A few weeks ago I found out that my high school orchestra teacher, Dan Holt, passed away over the summer.

I was so sorry not to have been able to go to any of the gatherings held in his honor, so this blog entry is my tribute to him.

(And what better time to practice gratitude than Thanksgiving?)

photo of Mr Holt posted on FB by Jake BrookmanIt feels nearly impossible to write, though. What can you possibly say about someone who had such a profound impact on you?

I guess all you can do is tell stories.

In the mid-90s, I was one of Mr. Holt’s students in the community youth orchestras he directed – first the Young People’s Concert Orchestra (YPCO) and then the Young People’s Symphonic Orchestra (YPSO), both at what was then alternately known as CASA or the Symphony Music School.  These ensembles fed into the Saint Louis Symphony Youth Orchestra, but once we made it there, we often played in both SLSYO and YPSO just so we could spend more time with him.

These Young People’s Orchestras brought together students from all across the Saint Louis region, and were often a safe haven for kids who “wanted their Mozart as much as their MTV” (to quote an advertising poster that featured a picture from one of our rehearsals).

posterIt’s not an exaggeration to say those two-hour sessions were the highlight of my week.

Mr. Holt made these orchestras both challenging and musically fulfilling. It never felt like we were kids in some extracurricular activity; he took us seriously as developing artists, even when we were as young as 7th or 8th grade.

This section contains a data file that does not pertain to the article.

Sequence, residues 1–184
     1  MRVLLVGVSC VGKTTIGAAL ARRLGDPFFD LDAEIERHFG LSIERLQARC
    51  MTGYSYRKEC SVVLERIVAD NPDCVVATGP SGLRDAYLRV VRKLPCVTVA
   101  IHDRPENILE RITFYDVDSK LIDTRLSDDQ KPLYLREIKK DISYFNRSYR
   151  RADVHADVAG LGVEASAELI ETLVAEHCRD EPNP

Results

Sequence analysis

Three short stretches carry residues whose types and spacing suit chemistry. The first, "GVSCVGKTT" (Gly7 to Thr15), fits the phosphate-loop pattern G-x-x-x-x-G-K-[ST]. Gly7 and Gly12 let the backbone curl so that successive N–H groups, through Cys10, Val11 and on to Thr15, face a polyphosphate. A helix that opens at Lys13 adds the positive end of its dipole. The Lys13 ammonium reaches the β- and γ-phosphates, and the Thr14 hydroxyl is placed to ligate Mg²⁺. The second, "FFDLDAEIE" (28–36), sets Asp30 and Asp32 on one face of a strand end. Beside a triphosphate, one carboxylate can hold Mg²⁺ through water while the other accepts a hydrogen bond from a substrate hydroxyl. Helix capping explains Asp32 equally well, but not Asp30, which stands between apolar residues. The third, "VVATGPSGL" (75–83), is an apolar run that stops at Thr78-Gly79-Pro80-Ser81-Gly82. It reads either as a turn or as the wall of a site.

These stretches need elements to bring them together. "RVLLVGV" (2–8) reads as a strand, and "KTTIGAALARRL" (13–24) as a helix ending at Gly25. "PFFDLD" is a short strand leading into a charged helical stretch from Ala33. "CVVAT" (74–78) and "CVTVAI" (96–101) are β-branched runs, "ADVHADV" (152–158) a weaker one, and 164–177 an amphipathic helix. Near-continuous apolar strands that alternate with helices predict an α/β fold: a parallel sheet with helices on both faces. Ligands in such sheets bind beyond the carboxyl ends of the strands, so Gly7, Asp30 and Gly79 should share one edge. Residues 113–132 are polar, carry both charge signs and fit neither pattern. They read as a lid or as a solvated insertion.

What we did, how we played – it mattered to him, and we could trust his compliments because he’d also tell us when something wasn’t sounding up to our potential.

A friend recently remarked that she always thought he got a better sound out of those orchestras than anyone else who took the podium, and I definitely agree.

rehearsalHe also took great care to communicate that the way we related to each other was part of our musicianship.  Mr. Holt created an ethos in which we strove for excellence, together, as a group. He talked about having a ‘friendly competition’ with your stand partner, that the two of you should be egging each other on in the best way possible: who can play with the most care for the dynamic markings? Who never misses an accent or an entrance? When you hear the other person do something you like, can you copy it the next time it comes around?

To this day I still channel a memory of him telling us to “fake it ‘til you make it,” demonstrating on a student’s violin how it looked when you played the hard parts with lots of tension and effort, and then what a huge difference it made to lighten up and play with a sense of ease, even if you weren’t totally sure of yourself yet. (How many times have I done this with my own students? How many times have I remembered this advice during a performance, and felt my shoulders relax just as the tricky parts came up?)

11265201_1046614702024795_8057646364844570515_oHe was the first teacher I ever saw apologize to a student. He did it from the podium, took his time, and was so sincere. (We hardly knew how to react.)